Monday, September 20, 2010

NASA Earth Scientists Advance Space Archaeology

Two NASA Earth scientists have traded in their air-conditioned offices for the sweltering fields of central Turkey. Toiling nine or more hours per day, seven days a week, they walk up to 10 miles a day searching ancient Turkey archaeological grounds for bone fragments, pottery and tombs. But they aren’t using shovels, picks, and brushes to do the job.

Instead, scientists Compton Tucker from NASA’s Goddard Space Flight Center in Greenbelt, Md. and Joe Nigro, who works at Goddard through Science Systems and Application Inc., are combining NASA satellite data and ground penetrating radar (GPR) technology to map and protect areas of archaeological interest for an archaeology excavation project, located at the famed spot where Alexander the Great cut fabled King Midas’ Gordian knot. In the past, NASA radar has been used on satellites and spacecrafts to detect ice deposits and to explore deep canyons on the moons surface.

“The radar assists in archaeology excavations by helping archaeologists identify areas where there are features under the ground, but GPR is also used as a non-invasive technique so that the site doesn’t have to be excavated,” said Joe Nigro, a geographic information systems specialist and archaeologist by training.

After winning a NASA Research Opportunities in Space and Earth Sciences (ROSES) grant last year, the two men will join about 150 others affiliated with the Turkish Antiquity Service, the University of North Carolina, and the University of Pennsylvania’s Museum of Archaeology and Anthroplogy’s Gordion Archaeological Project. Tucker, Nigro and Jennie Sturm, a radar specialist from TAG Research, spent three weeks at the site compiling information about human settlement, artifacts, and agriculture, using tools that traditional archaeologists usually don’t have access to.

“Archaeology is inherently a labor intensive, and thus expensive in terms of time and money, so we rarely get to excavate an entire site. GPR and other geophysical techniques allow us to collect data on parts of the site we might otherwise not be able to investigate,” said Philip Mink II, a GIS manager and staff archaeologist from the University of Kentucky, Department of Anthropology. “These investigations may locate archaeological features such as houses, tombs, burials, trash and storage pits, and ceramic firing areas that can be targeted for excavation given the limited money and time field archaeologists often face.”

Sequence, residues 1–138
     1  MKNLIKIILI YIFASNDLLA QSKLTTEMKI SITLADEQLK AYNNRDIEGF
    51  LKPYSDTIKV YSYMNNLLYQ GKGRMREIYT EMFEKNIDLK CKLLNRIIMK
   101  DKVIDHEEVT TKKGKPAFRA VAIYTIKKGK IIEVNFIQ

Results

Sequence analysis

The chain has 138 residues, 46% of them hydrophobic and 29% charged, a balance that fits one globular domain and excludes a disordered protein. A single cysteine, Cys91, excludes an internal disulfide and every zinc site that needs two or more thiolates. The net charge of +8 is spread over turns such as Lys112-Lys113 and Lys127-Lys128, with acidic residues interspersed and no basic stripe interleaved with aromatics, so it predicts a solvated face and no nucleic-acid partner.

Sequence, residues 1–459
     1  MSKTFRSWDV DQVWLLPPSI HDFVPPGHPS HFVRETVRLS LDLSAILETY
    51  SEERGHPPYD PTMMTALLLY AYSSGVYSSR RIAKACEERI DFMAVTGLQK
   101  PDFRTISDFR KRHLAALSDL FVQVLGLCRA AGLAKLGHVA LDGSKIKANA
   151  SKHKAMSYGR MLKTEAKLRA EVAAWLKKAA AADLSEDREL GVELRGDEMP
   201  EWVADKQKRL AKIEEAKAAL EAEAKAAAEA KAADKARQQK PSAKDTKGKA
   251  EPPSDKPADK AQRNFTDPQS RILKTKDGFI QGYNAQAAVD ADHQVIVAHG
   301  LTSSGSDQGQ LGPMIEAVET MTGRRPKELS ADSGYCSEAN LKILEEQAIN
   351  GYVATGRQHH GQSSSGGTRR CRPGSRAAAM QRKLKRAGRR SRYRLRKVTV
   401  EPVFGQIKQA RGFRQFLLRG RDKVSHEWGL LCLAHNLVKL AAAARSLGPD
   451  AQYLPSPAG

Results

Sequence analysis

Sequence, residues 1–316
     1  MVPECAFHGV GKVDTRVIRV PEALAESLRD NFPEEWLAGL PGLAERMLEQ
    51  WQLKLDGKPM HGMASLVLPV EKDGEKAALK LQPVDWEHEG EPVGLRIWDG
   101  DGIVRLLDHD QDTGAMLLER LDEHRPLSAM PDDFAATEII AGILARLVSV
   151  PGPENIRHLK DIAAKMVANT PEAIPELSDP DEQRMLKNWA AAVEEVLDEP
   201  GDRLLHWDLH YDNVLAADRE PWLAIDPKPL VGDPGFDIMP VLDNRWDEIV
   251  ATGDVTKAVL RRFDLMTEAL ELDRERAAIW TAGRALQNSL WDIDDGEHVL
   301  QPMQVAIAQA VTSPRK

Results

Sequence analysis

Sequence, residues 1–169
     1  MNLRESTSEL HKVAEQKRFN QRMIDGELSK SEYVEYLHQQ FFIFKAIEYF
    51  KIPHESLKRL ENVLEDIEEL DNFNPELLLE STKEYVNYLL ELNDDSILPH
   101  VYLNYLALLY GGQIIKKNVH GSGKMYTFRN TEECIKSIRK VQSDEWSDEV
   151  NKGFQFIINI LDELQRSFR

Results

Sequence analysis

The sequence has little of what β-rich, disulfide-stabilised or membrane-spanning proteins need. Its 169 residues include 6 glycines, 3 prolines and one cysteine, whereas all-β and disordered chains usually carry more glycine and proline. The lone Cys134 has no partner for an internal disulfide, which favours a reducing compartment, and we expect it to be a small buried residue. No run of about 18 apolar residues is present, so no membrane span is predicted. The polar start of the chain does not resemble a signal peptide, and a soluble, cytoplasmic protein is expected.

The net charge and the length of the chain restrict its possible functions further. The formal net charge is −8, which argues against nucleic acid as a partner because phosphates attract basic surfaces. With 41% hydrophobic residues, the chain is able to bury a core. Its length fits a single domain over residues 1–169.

Mink, who has no affiliation with the Gordion project, believes that GPR is one of the most diverse and useful tools of all geophysical techniques used in archaeology.

The scientists spend hours dragging the radar device, which looks similar to a domestic lawn mower, across the fields of Gordion. Vital to archaeological excavation, GPR sends pulses of microwave energy underground. The energy bounces off buried objects and layers, and scientists can use the pattern of radar echoes received on the surface to create a subterranean snapshot.

“It looks like a box, you drag it across the ground and depending on the wavelength, it dictates how deep it goes. The lower the frequency, the deeper the penetration,” Nigro said.

NASA Earth scientist Joe Nigro sets up his equipment to survey the fields of Turkey.
Joe Nigro, a geographic information specialist, sets up his equipment to survey the fields of Turkey. Credit: NASA/Compton Tucker
› View larger image State of the art software will be used to process the 3-D radar data and construct virtual representations of the buried features. According to Mink, the amount of data collected per unit area surveyed by GPR definitely surpasses the other geophysical techniques because it is collecting data constantly at a variety of depths.